Non-Hodgkin’s lymphoma (NHL) is cancer that affects the lymphatic system, which is part of the body’s immune system. It occurs when tumors develop from white blood cells called lymphocytes. Cancers can spread to the lymph nodes from different body parts, but only cancers originating in the lymph tissue are classified as lymphomas. NHL is more common than Hodgkin’s lymphoma.
The two main lymphoma types are Hodgkin’s and non-Hodgkin’s (NHL). Hodgkin’s lymphoma is distinguished from NHL by the presence of a Reed-Sternberg cell, which is an atypical cell. This type of cell is only found in Hodgkin’s lymphoma. The treatment options for Hodgkin’s lymphoma and NHL are also very different.
What Are the Types of Non-Hodgkin’s Lymphoma?
There are two main types of NHL, B-cell lymphoma and T-cell lymphoma, which are distinguished by the appearance of the cells under a microscope.
B-cell lymphomas are the most common type of NHL in the United States, accounting for an estimated 85 percent of cases, according to the American Cancer Society (ACS).
There are two main B-cell lymphomas: diffuse large B-cell lymphoma and follicular lymphoma. Diffuse large B-cell lymphoma is the most common type, accounting for one-third of all cases. Follicular lymphoma is the second most common type, accounting for about one-fifth of all cases.
What Are the Symptoms of Non-Hodgkin’s Lymphoma?
The most common symptoms of Non-Hodgkin’s lymphoma are:
- Night sweats
- Rashes or skin lumps
- Swollen lymph nodes
- Unexplained weight loss
- Loss of appetite
- Abdominal pain or swelling
- Difficulty breathing
- Chest pain
- Itchy skin
The B symptoms are a set of symptoms that are often seen in people with NHL and Hodgkin’s lymphoma. These symptoms can help doctors predict how severe the disease is and what the outlook is for the patient. The B symptoms include fever, night sweats, and a more than ten percent weight loss in six months. This is why it’s best to get in touch with your doctor if these symptoms persist.
What Are the Risks of Non-Hodgkin’s Lymphoma?
There are various risk factors for NHL, but it’s possible to have none of them and still develop the disease. Also, multiple risk factors do not guarantee a person will get NHL.
Factors that increase your risk of developing NHL include:
- If someone in your immediate family has had NHL, you are more likely to develop it yourself.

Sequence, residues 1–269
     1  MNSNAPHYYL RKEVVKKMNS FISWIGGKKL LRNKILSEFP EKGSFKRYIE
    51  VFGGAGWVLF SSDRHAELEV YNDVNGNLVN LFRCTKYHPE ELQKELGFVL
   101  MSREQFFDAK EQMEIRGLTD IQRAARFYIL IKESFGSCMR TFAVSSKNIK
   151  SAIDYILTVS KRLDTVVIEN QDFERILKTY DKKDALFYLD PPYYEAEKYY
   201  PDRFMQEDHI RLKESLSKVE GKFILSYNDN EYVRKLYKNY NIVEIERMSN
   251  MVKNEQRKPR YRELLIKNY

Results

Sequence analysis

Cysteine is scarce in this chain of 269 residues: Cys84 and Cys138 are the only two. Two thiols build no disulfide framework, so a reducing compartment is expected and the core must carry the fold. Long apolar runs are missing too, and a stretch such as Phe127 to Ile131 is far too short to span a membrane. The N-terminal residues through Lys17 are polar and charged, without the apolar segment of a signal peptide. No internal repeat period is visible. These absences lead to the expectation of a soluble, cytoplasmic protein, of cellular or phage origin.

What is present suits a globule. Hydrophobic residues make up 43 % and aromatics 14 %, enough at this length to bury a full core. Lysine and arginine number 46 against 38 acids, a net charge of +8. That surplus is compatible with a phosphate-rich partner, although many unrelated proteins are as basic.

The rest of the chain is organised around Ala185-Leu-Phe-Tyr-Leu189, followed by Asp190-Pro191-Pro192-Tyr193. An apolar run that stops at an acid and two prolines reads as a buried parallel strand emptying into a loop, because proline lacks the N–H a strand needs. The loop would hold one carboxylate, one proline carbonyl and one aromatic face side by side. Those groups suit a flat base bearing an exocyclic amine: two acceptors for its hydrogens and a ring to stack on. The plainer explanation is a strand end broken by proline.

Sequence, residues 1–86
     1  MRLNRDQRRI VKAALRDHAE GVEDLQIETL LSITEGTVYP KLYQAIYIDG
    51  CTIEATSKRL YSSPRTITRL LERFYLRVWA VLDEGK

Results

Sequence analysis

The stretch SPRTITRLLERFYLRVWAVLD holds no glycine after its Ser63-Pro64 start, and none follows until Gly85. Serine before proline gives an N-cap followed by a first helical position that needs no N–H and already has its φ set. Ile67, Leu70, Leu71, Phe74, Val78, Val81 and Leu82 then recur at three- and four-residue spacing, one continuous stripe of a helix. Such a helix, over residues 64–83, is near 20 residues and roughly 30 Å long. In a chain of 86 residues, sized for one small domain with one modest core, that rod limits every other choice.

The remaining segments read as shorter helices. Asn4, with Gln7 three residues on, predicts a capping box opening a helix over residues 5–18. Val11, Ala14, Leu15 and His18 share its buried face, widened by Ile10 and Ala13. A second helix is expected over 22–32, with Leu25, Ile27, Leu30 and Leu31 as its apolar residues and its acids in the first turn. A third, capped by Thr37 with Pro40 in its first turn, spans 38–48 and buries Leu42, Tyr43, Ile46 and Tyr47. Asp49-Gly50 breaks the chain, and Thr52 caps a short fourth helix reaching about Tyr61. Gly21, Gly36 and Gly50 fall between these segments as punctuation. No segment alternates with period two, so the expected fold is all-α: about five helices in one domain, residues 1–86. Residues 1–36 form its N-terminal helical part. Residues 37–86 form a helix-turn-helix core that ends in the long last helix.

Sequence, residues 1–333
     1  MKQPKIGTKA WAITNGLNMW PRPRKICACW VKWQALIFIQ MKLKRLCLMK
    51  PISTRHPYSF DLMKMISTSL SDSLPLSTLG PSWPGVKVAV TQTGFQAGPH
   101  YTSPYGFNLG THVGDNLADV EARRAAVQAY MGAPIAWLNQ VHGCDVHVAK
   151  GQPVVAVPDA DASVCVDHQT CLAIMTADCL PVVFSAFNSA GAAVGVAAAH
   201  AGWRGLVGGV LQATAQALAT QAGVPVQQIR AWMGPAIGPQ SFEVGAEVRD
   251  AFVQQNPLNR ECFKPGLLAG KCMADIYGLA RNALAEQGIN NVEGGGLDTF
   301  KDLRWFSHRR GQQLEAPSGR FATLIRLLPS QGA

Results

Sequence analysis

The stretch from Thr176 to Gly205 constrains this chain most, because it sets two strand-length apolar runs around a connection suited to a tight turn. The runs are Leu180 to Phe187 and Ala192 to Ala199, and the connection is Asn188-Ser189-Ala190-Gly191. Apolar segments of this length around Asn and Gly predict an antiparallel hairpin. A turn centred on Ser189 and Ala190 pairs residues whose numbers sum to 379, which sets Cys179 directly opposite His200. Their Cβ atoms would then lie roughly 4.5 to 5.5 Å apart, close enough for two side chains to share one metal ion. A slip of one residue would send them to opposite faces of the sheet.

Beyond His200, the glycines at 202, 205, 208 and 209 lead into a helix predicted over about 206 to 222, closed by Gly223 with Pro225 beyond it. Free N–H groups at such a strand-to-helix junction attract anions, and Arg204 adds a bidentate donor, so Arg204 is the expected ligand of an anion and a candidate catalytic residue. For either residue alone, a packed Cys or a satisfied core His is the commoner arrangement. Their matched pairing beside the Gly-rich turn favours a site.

- Being overweight or obese increases your risk of certain types of non-Hodgkin lymphoma.
- Some people who have breast implants may develop a type of cancerous cell growth in their breasts. This is a very rare occurrence.
- People exposed to high radiation levels are more likely to develop non-Hodgkin lymphoma (NHL) and other types of cancer. This is because radiation damages the cells in the body, which can lead to the development of cancer.
- Certain medical conditions can weaken the immune system and increase the risk of developing NHL. These conditions include autoimmune diseases such as rheumatoid arthritis, systemic lupus erythematosus, Sjögren’s disease, and celiac disease. Having HIV also increases the risk of developing certain types of NHL, including diffuse large B-cell lymphoma.
- Chronic infections are infections that never go away or that last for a very long time. These infections can cause the immune system to be constantly active, increasing a person’s risk of developing lymphoma.
Non-Hodgkin’s lymphoma is a type of cancer that affects the lymphocytes, which are a part of the immune system. NHL is typically diagnosed in adults, with the average age of diagnosis being 60 years old. There are many subtypes of NHL, which can be classified based on the type of lymphocyte involved, the disease’s stage, and cancer’s aggressiveness. Treatment for NHL may include chemotherapy, radiation therapy, and immunotherapy.
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